To put it mildly, the latest round of redistricting has not been the most edifying experience. Over the past year, politicians have assembled throughout the country to carve districts that are equal in population, but that otherwise serve their own interests rather than the public’s. Protracted litigation has determined, on a case-by-case basis, which districts will be represented by minority groups. And the courts have been intimately involved not just with minority representation but also with every other aspect of the process. Already, in the current cycle, more than 150 lawsuits have been filed. Americans have gotten used to this baroque struggle, but it’s worth remembering that most foreign observers consider it bizarre, even pathological. Compared to other countries with similar electoral systems, the American model of redistricting is an extreme outlier. And not only is the U.S. model different from its peers, it is also inferior. When it comes to elections, it’s clear that American exceptionalism is a vice, not a virtue.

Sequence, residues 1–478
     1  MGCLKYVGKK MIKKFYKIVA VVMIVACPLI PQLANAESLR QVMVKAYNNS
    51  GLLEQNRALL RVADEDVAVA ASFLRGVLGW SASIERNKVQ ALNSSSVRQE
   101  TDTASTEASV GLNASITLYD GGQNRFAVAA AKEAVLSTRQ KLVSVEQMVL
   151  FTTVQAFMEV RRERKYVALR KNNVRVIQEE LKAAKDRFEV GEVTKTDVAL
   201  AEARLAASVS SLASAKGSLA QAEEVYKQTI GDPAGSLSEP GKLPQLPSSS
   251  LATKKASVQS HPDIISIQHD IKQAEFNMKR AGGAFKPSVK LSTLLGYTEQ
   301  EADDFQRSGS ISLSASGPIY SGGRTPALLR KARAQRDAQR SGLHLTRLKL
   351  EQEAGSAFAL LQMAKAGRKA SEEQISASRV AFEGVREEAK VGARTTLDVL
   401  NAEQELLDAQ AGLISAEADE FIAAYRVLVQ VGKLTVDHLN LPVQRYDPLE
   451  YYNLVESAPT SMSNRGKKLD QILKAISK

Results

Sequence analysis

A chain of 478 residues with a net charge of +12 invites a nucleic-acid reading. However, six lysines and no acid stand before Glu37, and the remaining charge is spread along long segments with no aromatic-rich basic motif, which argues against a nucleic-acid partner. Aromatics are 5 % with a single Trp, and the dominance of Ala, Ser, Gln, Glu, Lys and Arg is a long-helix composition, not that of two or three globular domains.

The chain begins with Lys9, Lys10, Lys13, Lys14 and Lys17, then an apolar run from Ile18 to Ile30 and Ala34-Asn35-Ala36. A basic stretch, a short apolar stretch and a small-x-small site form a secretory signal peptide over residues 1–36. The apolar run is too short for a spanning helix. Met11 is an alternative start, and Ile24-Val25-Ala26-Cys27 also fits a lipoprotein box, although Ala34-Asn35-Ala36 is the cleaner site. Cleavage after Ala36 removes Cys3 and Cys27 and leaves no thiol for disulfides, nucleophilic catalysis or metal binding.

District design raises three key questions, each of which America answers differently from almost every other Western democracy. The first is which institutions should have authority over the line-drawing process. Though there are exceptions, the typical position in the United States is that state politicians should hold this power, and that their decisions then should be reviewed carefully by the courts. Abroad, in contrast, districts are usually crafted by independent commissions staffed with geographers, political scientists, and the like. The political branches either have no role at all, or merely rubber-stamp the commissions’ output. And the courts rarely tackle redistricting issues—and never as aggressively as in America. (The only country that even approaches the U.S. model is France.)